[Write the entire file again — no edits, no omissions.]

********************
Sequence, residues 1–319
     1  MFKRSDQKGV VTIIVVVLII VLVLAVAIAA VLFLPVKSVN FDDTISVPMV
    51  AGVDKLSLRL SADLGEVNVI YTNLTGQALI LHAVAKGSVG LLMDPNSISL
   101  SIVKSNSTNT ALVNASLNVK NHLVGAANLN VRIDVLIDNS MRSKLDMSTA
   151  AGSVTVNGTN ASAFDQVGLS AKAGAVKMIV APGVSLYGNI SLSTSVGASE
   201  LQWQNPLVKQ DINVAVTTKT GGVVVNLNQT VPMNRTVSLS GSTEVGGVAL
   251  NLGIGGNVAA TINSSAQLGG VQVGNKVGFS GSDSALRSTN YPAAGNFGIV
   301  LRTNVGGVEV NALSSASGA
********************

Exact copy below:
Sequence, residues 1–319
     1  MFKRSDQKGV VTIIVVVLII VLVLAVAIAA VLFLPVKSVN FDDTISVPMV
    51  AGVDKLSLRL SADLGEVNVI YTNLTGQALI LHAVAKGSVG LLMDPNSISL
   101  SIVKSNSTNT ALVNASLNVK NHLVGAANLN VRIDVLIDNS MRSKLDMSTA
   151  AGSVTVNGTN ASAFDQVGLS AKAGAVKMIV APGVSLYGNI SLSTSVGASE
   201  LQWQNPLVKQ DINVAVTTKT GGVVVNLNQT VPMNRTVSLS GSTEVGGVAL
   251  NLGIGGNVAA TINSSAQLGG VQVGNKVGFS GSDSALRSTN YPAAGNFGIV
   301  LRTNVGGVEV NALSSASGA